Sunday, January 10, 2010

Peru's Bridges: Puente Rio Camana

Continuing on Highway 18 towards the Pacific (16° 35.14'S, 72° 43.87'W) we come upon a four span continuous, reinforced concrete box girder bridge on pier walls and seat-type abutments. The soffit rests on steel bearings at the abutments but appears to sit directly on the piers. Perhaps there is a thin steel plate between the soffit and the top of the piers since this long bridge must expand and contract with changes in temperature.

The pier walls have a hexagonal shape that provides cutwaters to deflect debris and reduce dynamic fluid forces on the piers. The piers are attractively tapered below the soffit. The superstructure has vertical sides and supports a streamlined barrier rail.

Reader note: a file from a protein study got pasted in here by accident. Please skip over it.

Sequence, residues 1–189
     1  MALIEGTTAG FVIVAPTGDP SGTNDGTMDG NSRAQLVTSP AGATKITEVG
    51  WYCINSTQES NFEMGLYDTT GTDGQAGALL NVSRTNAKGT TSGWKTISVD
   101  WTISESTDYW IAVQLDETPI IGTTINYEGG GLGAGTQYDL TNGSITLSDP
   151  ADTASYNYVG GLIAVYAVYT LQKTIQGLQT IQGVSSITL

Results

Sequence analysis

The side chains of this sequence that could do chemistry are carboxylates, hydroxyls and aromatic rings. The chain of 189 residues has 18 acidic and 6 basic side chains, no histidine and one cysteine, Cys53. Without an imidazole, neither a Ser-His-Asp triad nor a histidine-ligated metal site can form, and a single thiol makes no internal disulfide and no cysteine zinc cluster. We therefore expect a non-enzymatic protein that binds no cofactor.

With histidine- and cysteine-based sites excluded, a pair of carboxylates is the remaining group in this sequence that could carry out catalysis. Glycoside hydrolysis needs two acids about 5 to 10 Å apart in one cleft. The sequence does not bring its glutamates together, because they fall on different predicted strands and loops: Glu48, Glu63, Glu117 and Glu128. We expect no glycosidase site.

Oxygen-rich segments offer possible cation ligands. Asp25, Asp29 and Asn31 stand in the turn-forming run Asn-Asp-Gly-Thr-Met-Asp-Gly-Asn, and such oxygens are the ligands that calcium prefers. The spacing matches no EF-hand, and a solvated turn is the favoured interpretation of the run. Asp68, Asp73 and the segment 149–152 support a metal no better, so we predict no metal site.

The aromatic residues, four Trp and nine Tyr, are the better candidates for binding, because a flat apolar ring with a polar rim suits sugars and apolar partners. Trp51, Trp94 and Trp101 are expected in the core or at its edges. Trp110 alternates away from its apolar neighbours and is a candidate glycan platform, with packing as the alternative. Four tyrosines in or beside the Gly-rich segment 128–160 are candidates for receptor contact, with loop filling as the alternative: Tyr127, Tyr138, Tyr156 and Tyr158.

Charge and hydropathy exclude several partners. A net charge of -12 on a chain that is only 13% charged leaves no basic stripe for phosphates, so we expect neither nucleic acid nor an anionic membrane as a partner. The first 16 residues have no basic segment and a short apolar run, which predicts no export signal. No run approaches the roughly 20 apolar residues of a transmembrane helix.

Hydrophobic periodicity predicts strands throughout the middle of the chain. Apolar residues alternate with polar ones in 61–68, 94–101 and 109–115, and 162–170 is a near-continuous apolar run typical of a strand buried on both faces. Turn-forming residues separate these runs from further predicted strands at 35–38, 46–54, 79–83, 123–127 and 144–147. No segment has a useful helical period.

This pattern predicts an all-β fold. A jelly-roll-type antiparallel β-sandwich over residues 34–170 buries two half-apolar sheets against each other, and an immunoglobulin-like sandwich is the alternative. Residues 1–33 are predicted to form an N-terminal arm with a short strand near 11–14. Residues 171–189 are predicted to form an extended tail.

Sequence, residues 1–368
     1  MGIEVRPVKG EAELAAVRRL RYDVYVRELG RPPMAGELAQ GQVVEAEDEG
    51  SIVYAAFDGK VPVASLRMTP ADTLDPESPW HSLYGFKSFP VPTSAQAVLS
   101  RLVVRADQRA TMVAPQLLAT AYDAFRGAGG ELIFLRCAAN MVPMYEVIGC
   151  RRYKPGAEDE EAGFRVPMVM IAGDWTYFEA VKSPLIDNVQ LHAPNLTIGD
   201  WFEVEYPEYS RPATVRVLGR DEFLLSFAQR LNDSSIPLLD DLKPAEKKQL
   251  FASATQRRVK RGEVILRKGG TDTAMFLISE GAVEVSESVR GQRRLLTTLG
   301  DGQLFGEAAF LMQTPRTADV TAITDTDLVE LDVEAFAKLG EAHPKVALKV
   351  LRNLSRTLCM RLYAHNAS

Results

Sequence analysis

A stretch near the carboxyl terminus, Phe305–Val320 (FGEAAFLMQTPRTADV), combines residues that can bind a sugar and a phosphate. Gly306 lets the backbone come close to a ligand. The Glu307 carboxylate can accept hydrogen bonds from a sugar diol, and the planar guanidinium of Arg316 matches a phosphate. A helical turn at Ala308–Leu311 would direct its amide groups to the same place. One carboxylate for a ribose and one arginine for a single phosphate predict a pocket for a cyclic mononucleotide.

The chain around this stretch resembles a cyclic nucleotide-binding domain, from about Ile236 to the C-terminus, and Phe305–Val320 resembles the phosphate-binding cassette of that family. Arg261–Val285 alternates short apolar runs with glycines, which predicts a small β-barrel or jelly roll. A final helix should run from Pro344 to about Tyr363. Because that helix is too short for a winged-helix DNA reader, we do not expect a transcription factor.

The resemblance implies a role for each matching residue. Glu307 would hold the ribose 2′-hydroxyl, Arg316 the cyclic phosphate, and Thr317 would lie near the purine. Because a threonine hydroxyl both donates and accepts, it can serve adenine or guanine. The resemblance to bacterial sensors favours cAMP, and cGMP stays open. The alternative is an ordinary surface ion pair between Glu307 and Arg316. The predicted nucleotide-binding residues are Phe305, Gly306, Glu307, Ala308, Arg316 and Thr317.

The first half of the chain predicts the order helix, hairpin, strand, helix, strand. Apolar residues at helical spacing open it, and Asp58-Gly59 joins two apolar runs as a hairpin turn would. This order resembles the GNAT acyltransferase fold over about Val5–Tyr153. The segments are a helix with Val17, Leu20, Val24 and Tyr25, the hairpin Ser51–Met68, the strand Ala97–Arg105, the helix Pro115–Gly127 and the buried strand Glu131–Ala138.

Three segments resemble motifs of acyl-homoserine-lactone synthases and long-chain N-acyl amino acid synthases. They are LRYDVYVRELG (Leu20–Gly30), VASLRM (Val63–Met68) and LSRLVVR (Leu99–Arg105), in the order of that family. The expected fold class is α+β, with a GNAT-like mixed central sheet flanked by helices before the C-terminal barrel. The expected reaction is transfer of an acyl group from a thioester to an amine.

The concrete is almost the same color as the ground and the surrounding mountains and blends in well with the environment. The bridge seems to be in good shape and appears to have been carefully designed to be an attractive and efficient structure.

At least from the two highway bridges we've seen so far, it appears that Peru has embraced a 'modern' aesthetic for it's highway structures with clean lines and neutral colors.
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